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30th Sunday in Ordinary Time (C) – 2019-10-27 “How do I know if I am self-righteous?”

When I was in middle school, twelve for thirteen years old, I remember being very upset one day because a classmate was bragging about himself and his accomplishments. This boy was very popular, a good athlete, and well-liked by the girls. He often “held court” at the cool kids table in the cafeteria. We all wanted to be like him. I was upset because there was no way that I could measure up to him. I would never be that good at sports, that popular, or that successful with the girls. There was nothing I could do to change the situation. I was at best tolerated by the “in crowd” but was never made to feel like I belonged. I felt hopeless, and in comparison to that guy, a loser. Through tears, I told my father all about what this kid was saying and how I was feeling. My dad put his arm around me and said, “You can tell a lot about a guy by the way he talks. What he is saying is probably not true. But even if it is, why do you think he feels the need to tell others about it? If he is such a big shot, why does he have to draw attention to himself and put others down in the process?   If he was secure about who he was, he would not have to try to impress anybody.” I’m not sure how much of what my dad said made sense to me at the time in my teenage angst, but it stuck with me.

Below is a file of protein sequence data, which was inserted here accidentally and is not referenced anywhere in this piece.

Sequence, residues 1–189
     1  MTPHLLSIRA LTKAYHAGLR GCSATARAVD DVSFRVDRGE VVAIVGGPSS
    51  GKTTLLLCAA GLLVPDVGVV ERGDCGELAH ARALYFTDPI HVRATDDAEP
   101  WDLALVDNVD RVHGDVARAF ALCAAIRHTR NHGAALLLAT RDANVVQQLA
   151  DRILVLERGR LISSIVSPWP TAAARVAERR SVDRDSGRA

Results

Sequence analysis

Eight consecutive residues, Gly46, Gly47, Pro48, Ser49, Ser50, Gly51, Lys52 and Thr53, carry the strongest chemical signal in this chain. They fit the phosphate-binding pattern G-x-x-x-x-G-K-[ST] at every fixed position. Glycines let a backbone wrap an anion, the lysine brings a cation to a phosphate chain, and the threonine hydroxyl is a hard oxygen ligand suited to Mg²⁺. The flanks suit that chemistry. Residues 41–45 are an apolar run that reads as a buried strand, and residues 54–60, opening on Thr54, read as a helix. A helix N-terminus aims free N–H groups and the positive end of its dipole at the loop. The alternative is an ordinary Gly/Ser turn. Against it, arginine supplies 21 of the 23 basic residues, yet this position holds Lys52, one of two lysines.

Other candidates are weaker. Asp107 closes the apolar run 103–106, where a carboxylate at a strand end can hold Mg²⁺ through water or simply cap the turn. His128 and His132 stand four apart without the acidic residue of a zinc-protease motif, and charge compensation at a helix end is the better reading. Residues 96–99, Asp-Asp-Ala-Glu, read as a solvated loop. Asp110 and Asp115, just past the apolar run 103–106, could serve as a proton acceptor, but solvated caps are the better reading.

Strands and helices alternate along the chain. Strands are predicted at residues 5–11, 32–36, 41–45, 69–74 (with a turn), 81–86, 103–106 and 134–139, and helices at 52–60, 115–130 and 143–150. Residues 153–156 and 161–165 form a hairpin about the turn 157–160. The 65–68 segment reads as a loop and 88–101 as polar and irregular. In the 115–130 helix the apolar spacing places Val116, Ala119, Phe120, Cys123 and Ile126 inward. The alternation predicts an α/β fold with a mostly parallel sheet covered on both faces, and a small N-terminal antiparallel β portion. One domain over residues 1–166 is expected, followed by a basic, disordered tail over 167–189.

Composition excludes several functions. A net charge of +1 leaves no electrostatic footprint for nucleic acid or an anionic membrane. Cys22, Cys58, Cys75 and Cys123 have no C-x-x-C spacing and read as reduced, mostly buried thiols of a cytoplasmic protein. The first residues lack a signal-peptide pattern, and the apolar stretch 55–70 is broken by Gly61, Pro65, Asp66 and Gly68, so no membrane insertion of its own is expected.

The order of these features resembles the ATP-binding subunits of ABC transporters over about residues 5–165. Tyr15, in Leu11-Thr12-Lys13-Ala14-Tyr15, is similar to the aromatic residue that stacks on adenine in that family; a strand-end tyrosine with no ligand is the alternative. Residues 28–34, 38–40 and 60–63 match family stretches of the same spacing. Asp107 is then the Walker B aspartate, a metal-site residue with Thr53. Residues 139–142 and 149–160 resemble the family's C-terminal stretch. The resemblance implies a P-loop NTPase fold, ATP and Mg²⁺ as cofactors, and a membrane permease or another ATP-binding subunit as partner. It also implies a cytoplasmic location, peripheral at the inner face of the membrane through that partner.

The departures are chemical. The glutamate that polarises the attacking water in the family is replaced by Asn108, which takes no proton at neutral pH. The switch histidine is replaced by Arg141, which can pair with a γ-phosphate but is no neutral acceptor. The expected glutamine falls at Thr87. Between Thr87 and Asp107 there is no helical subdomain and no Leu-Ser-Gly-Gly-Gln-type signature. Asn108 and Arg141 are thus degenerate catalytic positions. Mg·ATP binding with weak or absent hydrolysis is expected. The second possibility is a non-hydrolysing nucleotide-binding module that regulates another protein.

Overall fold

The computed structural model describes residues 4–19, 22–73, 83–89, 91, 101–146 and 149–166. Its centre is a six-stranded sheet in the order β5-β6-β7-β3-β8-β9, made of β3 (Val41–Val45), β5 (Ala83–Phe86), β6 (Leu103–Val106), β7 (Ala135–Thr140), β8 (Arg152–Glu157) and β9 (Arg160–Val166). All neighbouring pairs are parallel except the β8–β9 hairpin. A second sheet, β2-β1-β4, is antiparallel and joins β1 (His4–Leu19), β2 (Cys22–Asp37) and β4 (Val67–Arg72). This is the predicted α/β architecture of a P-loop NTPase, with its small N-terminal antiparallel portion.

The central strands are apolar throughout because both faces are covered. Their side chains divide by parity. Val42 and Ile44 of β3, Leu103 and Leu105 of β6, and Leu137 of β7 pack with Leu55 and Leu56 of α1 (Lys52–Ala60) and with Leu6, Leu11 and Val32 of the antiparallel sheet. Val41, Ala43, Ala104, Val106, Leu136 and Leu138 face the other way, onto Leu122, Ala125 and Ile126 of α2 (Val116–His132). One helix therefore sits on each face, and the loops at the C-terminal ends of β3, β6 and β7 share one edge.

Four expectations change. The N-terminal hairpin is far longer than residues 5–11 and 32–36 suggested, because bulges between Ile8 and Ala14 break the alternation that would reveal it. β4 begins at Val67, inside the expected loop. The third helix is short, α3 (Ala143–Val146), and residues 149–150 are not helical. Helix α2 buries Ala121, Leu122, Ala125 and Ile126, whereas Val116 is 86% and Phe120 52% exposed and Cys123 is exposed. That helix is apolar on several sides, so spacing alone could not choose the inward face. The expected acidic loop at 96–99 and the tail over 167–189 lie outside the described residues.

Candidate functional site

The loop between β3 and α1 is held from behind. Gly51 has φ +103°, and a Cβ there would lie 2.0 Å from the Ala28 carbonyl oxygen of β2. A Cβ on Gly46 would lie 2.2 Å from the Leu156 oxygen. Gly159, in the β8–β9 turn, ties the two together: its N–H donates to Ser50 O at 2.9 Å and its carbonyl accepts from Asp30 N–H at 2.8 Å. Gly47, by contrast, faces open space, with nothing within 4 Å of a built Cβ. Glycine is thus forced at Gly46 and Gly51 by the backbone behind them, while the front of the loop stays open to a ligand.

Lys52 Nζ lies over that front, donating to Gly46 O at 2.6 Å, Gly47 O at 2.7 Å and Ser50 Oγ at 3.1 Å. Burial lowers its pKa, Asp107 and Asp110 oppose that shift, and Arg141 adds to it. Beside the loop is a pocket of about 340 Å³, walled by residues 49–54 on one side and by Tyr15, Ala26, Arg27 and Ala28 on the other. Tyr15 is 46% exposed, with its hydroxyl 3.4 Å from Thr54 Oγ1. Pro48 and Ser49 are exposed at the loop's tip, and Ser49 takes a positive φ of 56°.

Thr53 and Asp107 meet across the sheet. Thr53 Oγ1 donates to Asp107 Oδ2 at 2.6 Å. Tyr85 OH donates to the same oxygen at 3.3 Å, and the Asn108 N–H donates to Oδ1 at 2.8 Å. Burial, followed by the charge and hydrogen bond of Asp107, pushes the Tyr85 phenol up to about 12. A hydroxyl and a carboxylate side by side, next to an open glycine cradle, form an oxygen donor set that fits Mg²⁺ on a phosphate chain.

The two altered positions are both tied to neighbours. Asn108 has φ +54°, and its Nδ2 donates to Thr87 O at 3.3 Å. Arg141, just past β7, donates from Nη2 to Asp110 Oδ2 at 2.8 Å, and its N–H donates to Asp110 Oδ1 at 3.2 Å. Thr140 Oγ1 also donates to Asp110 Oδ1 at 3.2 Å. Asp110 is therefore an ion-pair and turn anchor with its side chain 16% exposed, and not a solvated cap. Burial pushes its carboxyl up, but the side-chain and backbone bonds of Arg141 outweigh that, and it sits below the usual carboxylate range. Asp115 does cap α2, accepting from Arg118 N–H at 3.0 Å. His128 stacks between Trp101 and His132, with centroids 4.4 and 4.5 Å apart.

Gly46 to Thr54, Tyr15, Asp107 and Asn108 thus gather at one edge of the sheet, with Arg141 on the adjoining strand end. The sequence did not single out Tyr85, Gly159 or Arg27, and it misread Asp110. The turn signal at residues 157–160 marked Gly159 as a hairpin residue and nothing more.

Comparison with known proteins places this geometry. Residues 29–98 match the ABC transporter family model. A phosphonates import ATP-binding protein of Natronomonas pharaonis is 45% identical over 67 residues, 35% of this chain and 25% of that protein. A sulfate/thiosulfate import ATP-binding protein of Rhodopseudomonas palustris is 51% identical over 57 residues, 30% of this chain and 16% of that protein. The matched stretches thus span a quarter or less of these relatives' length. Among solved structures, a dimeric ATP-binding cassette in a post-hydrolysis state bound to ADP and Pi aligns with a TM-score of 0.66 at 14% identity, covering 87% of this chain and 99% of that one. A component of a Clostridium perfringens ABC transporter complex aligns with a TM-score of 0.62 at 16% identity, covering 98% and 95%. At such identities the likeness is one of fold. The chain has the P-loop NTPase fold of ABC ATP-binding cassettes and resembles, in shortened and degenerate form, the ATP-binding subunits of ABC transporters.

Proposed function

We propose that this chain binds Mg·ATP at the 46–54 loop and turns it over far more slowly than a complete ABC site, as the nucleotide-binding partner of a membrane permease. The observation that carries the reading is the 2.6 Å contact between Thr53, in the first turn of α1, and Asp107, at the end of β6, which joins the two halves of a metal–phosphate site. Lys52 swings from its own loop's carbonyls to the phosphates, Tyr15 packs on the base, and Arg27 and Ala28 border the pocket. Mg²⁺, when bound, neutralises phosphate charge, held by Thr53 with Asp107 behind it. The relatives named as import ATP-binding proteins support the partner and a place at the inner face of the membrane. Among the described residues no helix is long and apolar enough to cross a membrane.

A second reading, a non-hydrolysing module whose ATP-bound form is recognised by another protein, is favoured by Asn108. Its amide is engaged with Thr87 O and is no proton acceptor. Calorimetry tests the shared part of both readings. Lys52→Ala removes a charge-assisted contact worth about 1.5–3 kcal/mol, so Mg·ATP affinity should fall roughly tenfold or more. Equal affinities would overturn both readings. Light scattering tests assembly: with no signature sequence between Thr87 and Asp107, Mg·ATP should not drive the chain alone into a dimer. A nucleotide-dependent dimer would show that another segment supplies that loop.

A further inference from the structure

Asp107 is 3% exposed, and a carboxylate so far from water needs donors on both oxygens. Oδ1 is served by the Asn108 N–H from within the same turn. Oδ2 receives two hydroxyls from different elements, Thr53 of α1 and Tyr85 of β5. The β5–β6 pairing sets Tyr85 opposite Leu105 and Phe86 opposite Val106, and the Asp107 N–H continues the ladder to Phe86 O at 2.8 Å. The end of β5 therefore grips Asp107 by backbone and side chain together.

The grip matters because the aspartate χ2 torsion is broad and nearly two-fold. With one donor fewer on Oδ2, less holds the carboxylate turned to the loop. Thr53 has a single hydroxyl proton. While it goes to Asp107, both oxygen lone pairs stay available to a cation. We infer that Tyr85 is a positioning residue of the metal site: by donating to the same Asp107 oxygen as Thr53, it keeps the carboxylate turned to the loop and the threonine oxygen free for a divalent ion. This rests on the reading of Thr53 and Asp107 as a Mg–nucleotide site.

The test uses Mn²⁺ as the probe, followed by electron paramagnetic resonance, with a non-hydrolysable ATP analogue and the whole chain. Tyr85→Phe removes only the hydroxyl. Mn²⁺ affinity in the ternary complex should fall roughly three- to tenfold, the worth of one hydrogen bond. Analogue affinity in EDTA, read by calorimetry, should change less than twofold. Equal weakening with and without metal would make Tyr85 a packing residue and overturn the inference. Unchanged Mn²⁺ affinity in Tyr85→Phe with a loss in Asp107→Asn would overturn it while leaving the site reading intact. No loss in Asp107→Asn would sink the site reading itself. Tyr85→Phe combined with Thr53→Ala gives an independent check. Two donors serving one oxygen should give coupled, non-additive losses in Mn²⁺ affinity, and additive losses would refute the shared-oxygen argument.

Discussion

Jesus makes a similar point in the Gospel parable about the Pharisee and the tax collector. We can tell a lot about the inner disposition or attitude of someone by paying attention to his language – here, the way someone prays. Jesus tells this parable for us to examine what is going on in our hearts by paying attention to the way we pray, the way we talk to God. He is warning us against a self-righteous attitude, i.e., falling into the presumption that we are “justified” or “saved” by our “goodness”, good works, or that we have followed all the rules. Self-righteousness literally means that I’ve made myself right before God. This attitude of self-righteousness is a fundamental problem because we are justified by God’s mercy – his gift – and not by what we do. If we are not aware of our need for mercy, our need for salvation, we will not ask for it or be open to it in our heart. We can’t earn our salvation. We don’t deserve it by our own merits. We can’t save ourselves. We know that intellectually. We agree with that theological statement. But do we believe it in our hearts? The disposition of our heart is revealed by the words of our prayer and what we say about ourselves and others. The disposition of the heart determines our closeness to God, not how well we can follow the rules or fulfill the precepts of the law. The Pharisees considered themselves near to God and “set apart” from the rest of humanity because of the scrupulous way they kept the law. In the popular mentality, the Pharisees were the “in crowd” and everyone else were religious losers who had no hope for salvation. The tax collector was a public sinner, someone despised by the Jewish community – considered a traitor to race and nation – for working for the oppressive Roman regime. No Jew would consider a tax collector close to God. The Pharisees were presumed to be justified while the tax collector, an outcast, was presumed to be lost. But Jesus teaches in the parable that what matters for our justification is whether we recognize that we are sinners and ask for mercy. The Pharisee does not in his prayer see himself as sinful or express an awareness of his need for mercy. Rather, what he says is braggadocios, judgmental, and arrogant. What he is doing in this comparison with “the rest of humanity” is justifying himself to himself that he is not that bad; that he in fact, should be at the top of the list when it comes to salvation or nearness to God. The tax collector, on the other hand, makes no excuses for his behavior. He approaches the Lord with humility and contrition – bowing his head and beating his breast. He prays simply, “O God, be merciful to me a sinner.” No other words are needed. He approaches the Lord with poverty of spirit – an awareness of his total dependence on God. He has nothing to prove. There is no presumption of his place with God, so he stands off at a distance. The words of the tax collector in this parable have become a simple and succinct version of the act of contrition. So one of the ways we can look at the disposition of our heart is to look at the words we use when we go to confession – this sacrament that justifies or reconciles us with God when we have sinned. Hopefully, we all make regular use of the sacrament of confession. If we don’t, perhaps we are convinced of our own righteousness and don’t think we need God’s mercy. Pay attention to how you confess. Does it sound like the Pharisee? Do we feel that we need to tell the priest as part of our confession all the sins we don’t commit and at the same time tell him all the good things that we do? Often times we make excuses for our bad behavior or anger or resentment by listing the sins of others. If that is the case, then we are, like the Pharisee, not really praying to God but instead justifying ourself to ourself.   “I’m basically a good person.” It is not just in confession, but how we talk about ourselves and think about ourselves and others. Like the school boy who felt the need to brag about himself or belittle others, such talk reveals a fundamental insecurity. Our security comes by being embraced and loved by God and knowing he loves us when we don’t deserve it – before we’ve done anything to “earn” it. If we want to make things right in our life and experience that security, we need to let God exalt us. And that only happens if we humbly recognize our need for God and his mercy and pray, “Lord, Jesus Christ, Son of God, have mercy on me, a sinner.”

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